I became active in trail advocacy when I sat on a citizens committee that was working on re-writing the master plan for Lebanon Hills Regional Park.  That would have been about in 2000.  I wanted to ensure that mountain biking was not removed as one of the user groups at Lebanon Hills.  Once we knew mountain biking was going to be retained we worked with Dakota county parks dept to teach them and us about sustainable trail construction. It was about this time I became the volunteer state representative for IMBA.  I served in that position for about 10 years until IMBA hired representatives which brought Hansi Johnson onto the scene in Minnesota.  Dakota County approved the "Joey Trail" as part of the first phase of implementing the master plan and during the construction of this segment we found out how long it takes to build a trail by hand.  (About 500 man hours per mile)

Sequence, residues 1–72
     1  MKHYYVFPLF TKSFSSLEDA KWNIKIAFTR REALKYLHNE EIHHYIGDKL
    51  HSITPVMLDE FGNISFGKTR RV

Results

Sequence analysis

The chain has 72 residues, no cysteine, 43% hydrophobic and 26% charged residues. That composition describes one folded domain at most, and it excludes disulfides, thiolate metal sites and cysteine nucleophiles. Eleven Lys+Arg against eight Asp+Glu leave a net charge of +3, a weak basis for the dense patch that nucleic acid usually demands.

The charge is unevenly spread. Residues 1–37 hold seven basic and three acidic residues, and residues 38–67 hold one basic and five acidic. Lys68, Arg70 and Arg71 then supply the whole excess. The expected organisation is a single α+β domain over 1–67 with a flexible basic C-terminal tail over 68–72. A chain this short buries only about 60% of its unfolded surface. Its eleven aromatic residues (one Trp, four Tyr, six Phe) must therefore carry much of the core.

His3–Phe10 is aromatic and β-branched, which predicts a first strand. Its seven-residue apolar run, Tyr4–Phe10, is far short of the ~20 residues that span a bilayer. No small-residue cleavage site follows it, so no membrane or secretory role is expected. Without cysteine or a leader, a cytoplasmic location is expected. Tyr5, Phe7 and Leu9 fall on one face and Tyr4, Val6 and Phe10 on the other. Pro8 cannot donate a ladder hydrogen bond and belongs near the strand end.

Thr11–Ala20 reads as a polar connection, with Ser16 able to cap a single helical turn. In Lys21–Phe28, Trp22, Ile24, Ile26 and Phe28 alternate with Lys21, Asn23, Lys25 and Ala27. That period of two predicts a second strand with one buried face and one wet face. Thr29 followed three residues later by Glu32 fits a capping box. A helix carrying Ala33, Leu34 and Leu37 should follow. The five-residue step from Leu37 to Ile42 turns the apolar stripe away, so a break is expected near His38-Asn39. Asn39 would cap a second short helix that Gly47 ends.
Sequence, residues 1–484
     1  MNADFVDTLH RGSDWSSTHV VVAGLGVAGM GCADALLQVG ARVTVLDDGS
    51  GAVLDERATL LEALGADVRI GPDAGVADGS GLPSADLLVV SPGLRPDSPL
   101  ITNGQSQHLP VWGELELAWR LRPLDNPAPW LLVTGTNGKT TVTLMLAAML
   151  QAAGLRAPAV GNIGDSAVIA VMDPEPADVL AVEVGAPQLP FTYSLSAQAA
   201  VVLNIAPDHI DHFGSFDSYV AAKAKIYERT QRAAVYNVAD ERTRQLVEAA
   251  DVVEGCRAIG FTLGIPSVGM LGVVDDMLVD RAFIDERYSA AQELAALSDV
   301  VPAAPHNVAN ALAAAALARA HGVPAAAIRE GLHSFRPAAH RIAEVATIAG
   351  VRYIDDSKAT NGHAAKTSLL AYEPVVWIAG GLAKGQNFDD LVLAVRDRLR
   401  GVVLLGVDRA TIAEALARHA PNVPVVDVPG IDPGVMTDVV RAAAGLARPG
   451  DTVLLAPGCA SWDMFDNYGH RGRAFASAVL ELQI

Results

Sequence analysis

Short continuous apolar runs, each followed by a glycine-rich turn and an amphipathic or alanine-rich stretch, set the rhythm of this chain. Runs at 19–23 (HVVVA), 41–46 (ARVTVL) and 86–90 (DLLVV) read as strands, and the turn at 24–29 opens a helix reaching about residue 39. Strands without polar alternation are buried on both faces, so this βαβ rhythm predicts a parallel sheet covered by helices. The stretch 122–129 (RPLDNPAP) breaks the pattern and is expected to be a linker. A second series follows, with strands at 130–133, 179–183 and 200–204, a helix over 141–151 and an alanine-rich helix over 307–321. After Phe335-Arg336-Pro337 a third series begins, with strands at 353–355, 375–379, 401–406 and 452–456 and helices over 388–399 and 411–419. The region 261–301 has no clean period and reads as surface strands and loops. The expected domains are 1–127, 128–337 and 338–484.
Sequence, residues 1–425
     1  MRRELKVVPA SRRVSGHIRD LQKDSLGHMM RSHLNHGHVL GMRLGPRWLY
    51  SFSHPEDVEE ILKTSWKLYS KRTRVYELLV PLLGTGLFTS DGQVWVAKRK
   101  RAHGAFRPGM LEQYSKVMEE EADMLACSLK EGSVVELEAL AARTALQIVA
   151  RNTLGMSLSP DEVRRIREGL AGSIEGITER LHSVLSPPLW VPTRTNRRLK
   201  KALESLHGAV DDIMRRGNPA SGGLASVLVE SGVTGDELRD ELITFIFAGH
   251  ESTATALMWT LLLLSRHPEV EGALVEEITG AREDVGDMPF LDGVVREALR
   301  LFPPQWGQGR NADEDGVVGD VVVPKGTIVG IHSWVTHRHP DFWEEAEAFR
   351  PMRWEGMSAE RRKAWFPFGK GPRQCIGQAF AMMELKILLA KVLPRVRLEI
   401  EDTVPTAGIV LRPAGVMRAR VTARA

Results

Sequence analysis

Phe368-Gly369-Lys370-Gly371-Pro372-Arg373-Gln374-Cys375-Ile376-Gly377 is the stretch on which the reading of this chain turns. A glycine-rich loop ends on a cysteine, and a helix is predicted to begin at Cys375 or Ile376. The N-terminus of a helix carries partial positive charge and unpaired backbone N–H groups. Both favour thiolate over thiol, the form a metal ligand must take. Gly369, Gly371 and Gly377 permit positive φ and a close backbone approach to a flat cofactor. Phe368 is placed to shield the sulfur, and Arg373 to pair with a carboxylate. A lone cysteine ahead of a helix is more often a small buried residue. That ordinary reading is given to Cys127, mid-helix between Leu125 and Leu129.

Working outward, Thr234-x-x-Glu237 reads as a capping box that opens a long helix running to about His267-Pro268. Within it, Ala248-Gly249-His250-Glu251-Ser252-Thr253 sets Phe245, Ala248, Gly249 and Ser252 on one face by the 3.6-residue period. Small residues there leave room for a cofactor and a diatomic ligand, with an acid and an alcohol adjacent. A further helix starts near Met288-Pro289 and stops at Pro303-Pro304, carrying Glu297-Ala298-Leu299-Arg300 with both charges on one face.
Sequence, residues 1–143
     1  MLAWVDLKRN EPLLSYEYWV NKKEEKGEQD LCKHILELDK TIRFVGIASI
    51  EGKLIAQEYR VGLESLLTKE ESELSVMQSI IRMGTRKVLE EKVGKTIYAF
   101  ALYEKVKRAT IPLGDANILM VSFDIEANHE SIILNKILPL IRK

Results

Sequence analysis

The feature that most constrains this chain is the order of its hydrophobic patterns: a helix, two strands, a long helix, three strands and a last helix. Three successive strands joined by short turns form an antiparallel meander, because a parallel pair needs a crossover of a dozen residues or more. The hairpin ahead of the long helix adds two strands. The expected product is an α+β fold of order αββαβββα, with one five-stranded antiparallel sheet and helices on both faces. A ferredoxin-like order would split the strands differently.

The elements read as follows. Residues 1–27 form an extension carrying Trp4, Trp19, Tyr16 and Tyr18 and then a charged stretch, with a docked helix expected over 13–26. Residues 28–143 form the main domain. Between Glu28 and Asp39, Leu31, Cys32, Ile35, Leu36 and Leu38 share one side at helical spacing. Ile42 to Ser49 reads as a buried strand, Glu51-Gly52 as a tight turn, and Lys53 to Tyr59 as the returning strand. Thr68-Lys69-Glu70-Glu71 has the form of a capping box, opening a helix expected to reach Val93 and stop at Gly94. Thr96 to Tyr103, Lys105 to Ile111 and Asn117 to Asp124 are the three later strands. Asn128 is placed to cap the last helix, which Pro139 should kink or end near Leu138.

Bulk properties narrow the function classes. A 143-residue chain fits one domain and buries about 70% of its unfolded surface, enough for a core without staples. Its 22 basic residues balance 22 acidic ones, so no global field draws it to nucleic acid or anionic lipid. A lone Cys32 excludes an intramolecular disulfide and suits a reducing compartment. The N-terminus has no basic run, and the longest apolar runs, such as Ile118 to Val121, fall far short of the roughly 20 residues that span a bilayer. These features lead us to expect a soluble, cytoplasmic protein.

What got you interested in building trails?
Dale Gundberg and I found about these machines that could cut the time down to about 50 hours per mile.  MORC did not have the funds to buy a machine so Dale and I formed Trail Source and went into the trail building business.  Since that time I have bought Dale out of Trail Source and have worked on my building knowledge by attending about a dozen different trail schools over the past 10 years.  Each of the trail schools was 4-5 days in length so i have added nearly 500 hours of training to my skill set for trail building.
What is your favorite part about trail building?
My favorite part of trail building is the design.  I enjoy looking at a bare piece of land and seeing the trail appear in my mind.  Next it is the flagging of the trail that is the most fun.  I imagine the user riding, hiking or running on the trail and work to make the experience one of the best they have ever had.  I design my trails so the user will come off of the trail and say "man that was so much fun, I want to do it again and tell my friends about this trail."
What is the hardest or most challenging part about trail building?
The most challenging thing about trail building is getting approval from the land manager and then securing the funding.  Sometimes all the red tape can cause a lot of frustration.
Have you always been involved with MORC?